Distinctiveness of Gandhian Socialism
In the previous article we saw that Gandhian socialism is centered around:
- Equality of social status irrespective of class, profession, gender, age or wealth.
- Equitable distribution of wealth.
- Equality of opportunity (with special aids for the needy and disabled.)
In this article we’re going to see how Gandhian socialism is unique in its own way. Although Gandhi was opposed to the racial or cultural superiority of any nation, he believed that his socialism or Indian socialism cannot be a carbon copy or imitation of western socialism. “Socialism and Communism of the West are based on certain conceptions which are fundamentally different from ours.”
He emphasized social equality, the ideal of Sarvodaya, non-violent socialism, concept of Bread Labour, theory of Trusteeship, and above all, the doctrine of socialism through the diminution of state power.
Ethical and Spiritual Centrality over Materialism
What are the values that we Indians cherish that are fundamentally at variance with those of the West? He believed that spirituality and religiosity are the anchor points of Indian culture. The spirit of India encompasses equanimity, contemplation, and inward vision as opposed to materialistic conception of life of the West.
This land of ours was once, we are told, the abode of gods. It is not possible to conceive gods inhabiting a land which is made hideous by the smoke and the din of mill chimneys and factories, and whose road ways are traversed by rushing engines, dragging numerous cars crowded with men who know not for the most part what they are after.
He was opposed to mindless industrialization causing irreversible damage to the environment and biosphere. While material prosperity of the individual should not be completely neglected, the emphasis should be on his moral and spiritual development as on his material prosperity.
Western socialism is based on the assumption of the fundamental selfishness and greed of each individual, whereas the Indian approach presumes just the reverse. Selfishness and violence belong to the beast and not to the immortal spirit of the man.
One must believe in the possibility of every person, however depraved, being reformed under human and skilled treatment. We must appeal to the good in human beings and expect response.
Particularly in the context of the Indian cultural heritage of Vaishnavism, Buddhism, Jainism, and their emphasis on non-violence, non-injury, renunciation and self-sacrifice, adoption of violent technique for the attainment of socialism in Indian conditions was considered superfluous by Gandhi. He opined that the rich and the privileged can be persuaded to be altruistic.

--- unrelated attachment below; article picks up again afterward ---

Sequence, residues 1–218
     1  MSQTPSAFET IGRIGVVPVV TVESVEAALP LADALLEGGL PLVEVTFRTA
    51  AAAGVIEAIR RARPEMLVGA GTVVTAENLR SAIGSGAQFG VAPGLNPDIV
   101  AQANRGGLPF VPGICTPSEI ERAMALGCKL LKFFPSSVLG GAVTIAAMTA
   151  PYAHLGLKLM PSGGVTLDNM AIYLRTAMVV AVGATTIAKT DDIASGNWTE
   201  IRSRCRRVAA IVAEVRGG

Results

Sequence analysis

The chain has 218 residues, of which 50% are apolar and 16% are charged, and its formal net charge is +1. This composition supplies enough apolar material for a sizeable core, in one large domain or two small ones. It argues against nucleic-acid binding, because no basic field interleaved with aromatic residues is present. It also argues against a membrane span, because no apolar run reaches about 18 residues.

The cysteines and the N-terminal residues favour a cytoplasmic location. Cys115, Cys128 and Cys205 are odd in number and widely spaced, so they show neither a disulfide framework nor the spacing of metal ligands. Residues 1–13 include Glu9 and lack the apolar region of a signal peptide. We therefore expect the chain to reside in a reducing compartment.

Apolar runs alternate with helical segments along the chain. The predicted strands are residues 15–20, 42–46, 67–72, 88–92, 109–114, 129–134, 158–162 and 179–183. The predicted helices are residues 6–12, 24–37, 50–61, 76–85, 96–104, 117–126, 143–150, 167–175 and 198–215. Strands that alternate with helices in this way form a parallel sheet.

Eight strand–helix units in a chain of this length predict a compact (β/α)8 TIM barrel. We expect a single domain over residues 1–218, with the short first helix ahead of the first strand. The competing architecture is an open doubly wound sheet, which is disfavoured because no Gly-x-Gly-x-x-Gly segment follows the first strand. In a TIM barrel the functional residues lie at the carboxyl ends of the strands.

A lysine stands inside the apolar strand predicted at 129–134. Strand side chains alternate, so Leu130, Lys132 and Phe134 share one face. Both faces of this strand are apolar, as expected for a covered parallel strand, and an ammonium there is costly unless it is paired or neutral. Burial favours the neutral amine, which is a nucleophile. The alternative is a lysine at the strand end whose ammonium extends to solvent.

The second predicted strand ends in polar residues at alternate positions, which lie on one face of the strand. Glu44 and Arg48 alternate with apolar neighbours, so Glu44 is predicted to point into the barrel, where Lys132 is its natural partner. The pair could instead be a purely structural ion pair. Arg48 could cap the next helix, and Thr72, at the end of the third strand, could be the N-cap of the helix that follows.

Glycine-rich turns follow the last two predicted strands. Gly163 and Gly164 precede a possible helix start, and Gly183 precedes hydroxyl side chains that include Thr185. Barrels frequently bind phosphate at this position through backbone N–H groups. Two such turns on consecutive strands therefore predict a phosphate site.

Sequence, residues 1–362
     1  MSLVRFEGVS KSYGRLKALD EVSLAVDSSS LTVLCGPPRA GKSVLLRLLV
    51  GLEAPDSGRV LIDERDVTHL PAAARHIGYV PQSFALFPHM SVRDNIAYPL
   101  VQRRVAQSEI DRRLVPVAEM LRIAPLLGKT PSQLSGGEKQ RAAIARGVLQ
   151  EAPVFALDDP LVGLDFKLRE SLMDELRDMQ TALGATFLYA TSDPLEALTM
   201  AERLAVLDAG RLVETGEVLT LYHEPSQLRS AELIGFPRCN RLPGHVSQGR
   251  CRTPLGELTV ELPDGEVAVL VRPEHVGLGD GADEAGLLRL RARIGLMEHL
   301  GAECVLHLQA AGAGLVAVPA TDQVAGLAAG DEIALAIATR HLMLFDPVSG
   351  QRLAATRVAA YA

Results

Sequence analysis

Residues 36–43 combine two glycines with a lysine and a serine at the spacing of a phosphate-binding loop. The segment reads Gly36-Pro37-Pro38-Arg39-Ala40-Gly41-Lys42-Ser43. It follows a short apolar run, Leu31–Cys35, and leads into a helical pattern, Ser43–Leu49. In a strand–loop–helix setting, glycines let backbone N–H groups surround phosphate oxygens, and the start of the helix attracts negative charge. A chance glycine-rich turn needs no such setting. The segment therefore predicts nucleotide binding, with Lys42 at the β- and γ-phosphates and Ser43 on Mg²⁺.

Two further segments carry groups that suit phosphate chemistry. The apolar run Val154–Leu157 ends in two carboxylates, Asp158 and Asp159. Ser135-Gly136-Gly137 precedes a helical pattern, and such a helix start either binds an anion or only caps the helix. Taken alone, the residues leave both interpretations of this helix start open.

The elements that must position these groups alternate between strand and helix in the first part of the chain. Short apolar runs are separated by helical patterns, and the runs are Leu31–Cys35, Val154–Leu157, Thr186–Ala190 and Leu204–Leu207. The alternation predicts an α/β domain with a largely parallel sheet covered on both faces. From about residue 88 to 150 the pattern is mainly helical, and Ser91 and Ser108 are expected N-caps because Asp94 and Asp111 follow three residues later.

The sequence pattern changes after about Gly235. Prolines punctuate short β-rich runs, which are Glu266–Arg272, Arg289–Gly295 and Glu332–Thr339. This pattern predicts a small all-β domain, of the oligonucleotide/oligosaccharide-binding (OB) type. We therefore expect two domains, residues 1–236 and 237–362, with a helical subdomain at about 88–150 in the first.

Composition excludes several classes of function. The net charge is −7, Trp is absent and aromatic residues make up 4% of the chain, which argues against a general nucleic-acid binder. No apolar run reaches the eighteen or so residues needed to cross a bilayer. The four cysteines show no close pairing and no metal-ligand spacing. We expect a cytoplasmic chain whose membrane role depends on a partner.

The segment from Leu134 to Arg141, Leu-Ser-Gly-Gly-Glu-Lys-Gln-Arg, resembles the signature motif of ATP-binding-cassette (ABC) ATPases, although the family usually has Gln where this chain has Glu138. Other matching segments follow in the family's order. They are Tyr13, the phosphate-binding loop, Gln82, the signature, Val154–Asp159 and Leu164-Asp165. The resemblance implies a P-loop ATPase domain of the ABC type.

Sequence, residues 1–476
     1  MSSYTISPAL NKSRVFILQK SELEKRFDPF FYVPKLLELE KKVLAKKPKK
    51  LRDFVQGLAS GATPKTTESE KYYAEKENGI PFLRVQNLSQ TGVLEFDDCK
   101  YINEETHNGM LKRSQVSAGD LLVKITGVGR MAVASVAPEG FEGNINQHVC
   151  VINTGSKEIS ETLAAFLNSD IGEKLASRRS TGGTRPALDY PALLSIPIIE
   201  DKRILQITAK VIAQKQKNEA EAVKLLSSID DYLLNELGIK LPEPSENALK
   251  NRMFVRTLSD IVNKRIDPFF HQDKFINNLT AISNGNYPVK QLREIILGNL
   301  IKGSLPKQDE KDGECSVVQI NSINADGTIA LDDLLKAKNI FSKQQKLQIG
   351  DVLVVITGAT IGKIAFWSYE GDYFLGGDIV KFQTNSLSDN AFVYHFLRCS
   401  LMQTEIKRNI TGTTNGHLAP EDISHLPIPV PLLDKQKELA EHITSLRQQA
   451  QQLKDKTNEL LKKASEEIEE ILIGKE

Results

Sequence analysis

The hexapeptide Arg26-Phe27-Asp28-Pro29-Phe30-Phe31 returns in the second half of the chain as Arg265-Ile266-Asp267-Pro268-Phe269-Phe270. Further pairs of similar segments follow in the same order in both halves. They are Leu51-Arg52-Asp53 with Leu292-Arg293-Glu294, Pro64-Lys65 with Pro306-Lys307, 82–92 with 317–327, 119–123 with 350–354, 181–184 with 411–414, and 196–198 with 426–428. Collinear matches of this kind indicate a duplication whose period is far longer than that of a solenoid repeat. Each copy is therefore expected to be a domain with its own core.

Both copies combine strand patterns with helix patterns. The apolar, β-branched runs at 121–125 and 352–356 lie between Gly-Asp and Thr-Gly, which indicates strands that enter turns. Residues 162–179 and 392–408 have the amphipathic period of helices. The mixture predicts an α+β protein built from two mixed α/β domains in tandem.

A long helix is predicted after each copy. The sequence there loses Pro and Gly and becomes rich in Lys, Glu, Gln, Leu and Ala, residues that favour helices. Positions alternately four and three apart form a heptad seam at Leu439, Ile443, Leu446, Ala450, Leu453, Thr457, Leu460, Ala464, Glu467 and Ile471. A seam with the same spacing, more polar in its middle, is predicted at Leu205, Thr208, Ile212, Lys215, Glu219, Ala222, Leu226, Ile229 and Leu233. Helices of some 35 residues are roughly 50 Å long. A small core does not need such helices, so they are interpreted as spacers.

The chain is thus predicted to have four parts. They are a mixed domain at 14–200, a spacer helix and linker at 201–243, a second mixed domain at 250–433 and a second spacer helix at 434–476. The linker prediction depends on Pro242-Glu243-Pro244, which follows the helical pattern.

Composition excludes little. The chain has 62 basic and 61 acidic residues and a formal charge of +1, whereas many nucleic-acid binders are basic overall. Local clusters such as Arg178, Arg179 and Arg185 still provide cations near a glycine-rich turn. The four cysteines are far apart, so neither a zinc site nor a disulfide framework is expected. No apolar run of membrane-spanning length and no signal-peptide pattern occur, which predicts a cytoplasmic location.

For the Soviets, socialism and communism are different; socialism is the means and the communism is its end. They considered socialism as a necessary intermediate step moving from capitalism towards communism. But Gandhi did not distinguish between socialism and communism. He cared about an egalitarian society free from exploitation and disparity.
Social Equality in a Class-conscious Society over a Class-less Society
Western communism aims to achieve a classless society. Because, according to them, “The history of all hitherto existing society is the history of class struggles”. Western socialism originated due to the alleged dichotomy between the oppressor and the oppressed (e.g. rich vs. poor, bourgeoisie vs. proletariat, landlord vs. peasant, owner vs. worker, &c.). They somehow believe that by remedying the economic inequality, they can generate a class-less society of equals fostering fraternity. However, Gandhi actively pushed social equality independently and hand-in-hand with economic and political equality.
Gandhi revolted against the pyramidal structure of caste (i.e., jāti) system with the upper classes looking down upon the lower classes, especially the untouchables. He was a devout Hindu and stood firmly by the side of the Vedic concept of social stratification. Yet, he did not subscribe to the view that the Hindu social order perpetuated inequalities in the name of a hierarchical classification. Rather he was a votary of Varnashrama Dharma, or the Hindu concept of division of society into four different classes depending on the nature of the social obligations that the individuals are expected to perform. The four fold classification of the Hindu society as enjoined by the Rigveda – the Brahmins, the Kshatriyas, the Vaishyas and the Shudras – was considered by Gandhi as division of society into four social classes interrelated to one another by the common bond of duty in their respective capacities to the society. As he said: